by Heidi Simmons
Her Body and Other Parties
by Carmen Maria Machado – Stories
The harassment of women is currently a significant and relevant conversation. Finally, the nation is exposing and discussing the prevalence, degradation and shame of sexual harassment. I’m not an expert, but it seems to me, sexual harassment and assault is not about sex addiction like some predators would have you believe, but an attempt to control, bully and intimidate women by cowardly men in positions of power.
Hopefully, the conversations on the subject will continue until women are granted respect, equality and treated professionally in the work place. It is long overdue, and in our patriarchal society, men must help lead the way. Meanwhile, women continue to navigate the challenges in a male dominated world.
The stories of Carmen Maria Machado’s “Her Body and Other Parties” (Graywolf Press, 248 pages) delve into the secret lives of women and the complications and challenges of living complete and full lives.
There are eleven imaginative stories in Machado’s debut collection and all have memorable moments that linger and haunt.
The first story in the book, “The Husband Stitch,” is about a woman who always wears a green ribbon tied in a bow around her neck. She is a virgin and picks up her future husband at a bar. She kisses him before they even say hello. It’s love a first sight. The couple date, get married and have a male child. All seems normal except the woman refuses to let her husband untie her bow.
One day her little boy tries to pull away the ribbon and when she denies her son, their relationship is never the same. As the years go bye, the child grows up, leaves the nest, and the couple struggles to regain intimacy. During sex, the woman finally allows her husband to remove the ribbon where she literally comes undone.
The author opens this strange tale with a short description of each character and a suggestion how to do his and her voices if you intend to read the story out loud. This clever and provocative intro heightens the tension and eccentricity of this weird fairytale. As described, the narrator and the others seem so benign.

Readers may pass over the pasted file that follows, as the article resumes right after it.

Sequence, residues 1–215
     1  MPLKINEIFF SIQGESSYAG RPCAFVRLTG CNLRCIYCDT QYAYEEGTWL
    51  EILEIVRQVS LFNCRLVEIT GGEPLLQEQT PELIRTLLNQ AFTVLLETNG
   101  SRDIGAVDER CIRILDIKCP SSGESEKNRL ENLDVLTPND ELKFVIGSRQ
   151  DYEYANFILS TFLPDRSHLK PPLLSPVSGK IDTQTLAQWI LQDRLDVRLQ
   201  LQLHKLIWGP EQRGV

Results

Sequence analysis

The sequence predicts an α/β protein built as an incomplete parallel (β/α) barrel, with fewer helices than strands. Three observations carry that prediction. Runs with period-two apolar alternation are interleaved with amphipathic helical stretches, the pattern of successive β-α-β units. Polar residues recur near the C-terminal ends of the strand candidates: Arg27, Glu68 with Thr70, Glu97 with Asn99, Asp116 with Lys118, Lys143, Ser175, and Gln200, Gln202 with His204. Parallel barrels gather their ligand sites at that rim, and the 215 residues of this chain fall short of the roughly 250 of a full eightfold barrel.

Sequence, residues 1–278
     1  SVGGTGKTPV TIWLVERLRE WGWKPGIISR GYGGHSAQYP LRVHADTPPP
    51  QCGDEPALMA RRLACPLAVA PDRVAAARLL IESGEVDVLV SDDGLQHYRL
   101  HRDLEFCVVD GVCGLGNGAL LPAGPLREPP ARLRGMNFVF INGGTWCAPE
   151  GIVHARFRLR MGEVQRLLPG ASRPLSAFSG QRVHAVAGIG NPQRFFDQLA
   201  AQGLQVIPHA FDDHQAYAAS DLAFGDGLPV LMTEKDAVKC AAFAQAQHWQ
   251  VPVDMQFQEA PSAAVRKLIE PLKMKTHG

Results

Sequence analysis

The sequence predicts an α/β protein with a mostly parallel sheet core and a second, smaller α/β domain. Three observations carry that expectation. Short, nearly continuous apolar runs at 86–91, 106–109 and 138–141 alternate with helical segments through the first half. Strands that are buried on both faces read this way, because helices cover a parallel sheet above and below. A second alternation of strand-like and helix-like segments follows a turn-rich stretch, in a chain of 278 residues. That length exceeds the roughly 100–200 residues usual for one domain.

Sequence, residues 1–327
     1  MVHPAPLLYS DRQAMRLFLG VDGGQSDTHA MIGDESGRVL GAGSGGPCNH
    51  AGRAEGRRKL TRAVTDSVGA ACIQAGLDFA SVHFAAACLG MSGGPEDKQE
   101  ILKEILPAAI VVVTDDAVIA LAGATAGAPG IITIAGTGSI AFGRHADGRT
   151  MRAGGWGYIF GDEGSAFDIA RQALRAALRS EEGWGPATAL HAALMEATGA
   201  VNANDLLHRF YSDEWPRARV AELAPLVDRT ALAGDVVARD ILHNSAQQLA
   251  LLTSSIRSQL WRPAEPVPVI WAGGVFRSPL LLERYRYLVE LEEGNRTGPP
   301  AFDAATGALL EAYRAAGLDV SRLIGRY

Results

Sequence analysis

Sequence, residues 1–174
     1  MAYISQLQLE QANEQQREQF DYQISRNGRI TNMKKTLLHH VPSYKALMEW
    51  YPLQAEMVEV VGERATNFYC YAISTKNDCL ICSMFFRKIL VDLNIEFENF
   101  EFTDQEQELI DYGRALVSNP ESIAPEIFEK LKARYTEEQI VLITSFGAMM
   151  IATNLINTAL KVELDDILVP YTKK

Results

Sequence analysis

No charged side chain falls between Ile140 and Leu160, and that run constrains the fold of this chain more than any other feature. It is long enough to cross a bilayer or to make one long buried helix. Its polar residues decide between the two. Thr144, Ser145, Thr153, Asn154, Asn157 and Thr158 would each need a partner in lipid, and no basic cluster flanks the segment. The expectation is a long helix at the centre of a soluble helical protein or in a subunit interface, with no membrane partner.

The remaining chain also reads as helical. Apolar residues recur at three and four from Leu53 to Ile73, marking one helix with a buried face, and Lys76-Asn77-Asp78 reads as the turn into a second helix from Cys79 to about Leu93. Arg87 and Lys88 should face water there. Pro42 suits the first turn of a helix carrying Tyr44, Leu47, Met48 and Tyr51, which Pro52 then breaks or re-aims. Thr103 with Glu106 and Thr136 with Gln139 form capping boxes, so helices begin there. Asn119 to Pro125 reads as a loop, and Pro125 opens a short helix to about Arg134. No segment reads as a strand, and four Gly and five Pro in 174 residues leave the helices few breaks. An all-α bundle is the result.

But, few could read “The Husband Stitch” aloud. It is filled with graphic detail and provocative sexual imagery. The narrator longs to be a sexual deviant and loves to hear bizarre stories about dark and dangerous characters. Finally, the narrator’s own story becomes one of myth and legend.
“Inventory” goes through a list of men and women the narrator has encountered and fucked in a post-apocalyptic world ravaged by plague. The succinct and descriptive journal is filled with people who are alternately hilarious, lovely and terrifying. But, I had to wonder if it is the narrator who is spreading the unknown deadly virus through her relationships.
A young woman falls in love with an older woman in “Mothers.” The younger narrator is thrilled to be having so much sex and never having to worry about getting pregnant. She never wanted kids and a family. But, some how she ends up with a baby. It’s all good until the dream of a perfect life is shattered.
“Real Women Have bodies” is the story of a young woman who discovers how easily women can just fade away and disappear. This may be an allegory, but it is terrifying as the girl and her female lover find themselves becoming ghosts.
Most of the stories are told in the first-person, which provides the reader with intimate insight and emotional detail. Machado uses humor and terror as she explores the world through storytelling. She is acutely aware of the genre and the potency of her characters in prose.
Each story is rich with thoughtful and provocative descriptions. Mochado is not shy. Sexual partners and encounters are significant and they are mostly with women. At first, the read is peculiar and shocking. But, as a whole the collection becomes more powerful and potent.
The stories may not provide a satisfying happy ending or a clear resolution, and some are deeply disturbing. Whether there is metaphor or allegory present in these short tales, that’s something for you and your book club to discuss.
Machado has a voice that delivers strength and dares to allow women to go all the way with their lives without men dictating the rules. And that is something to be celebrated.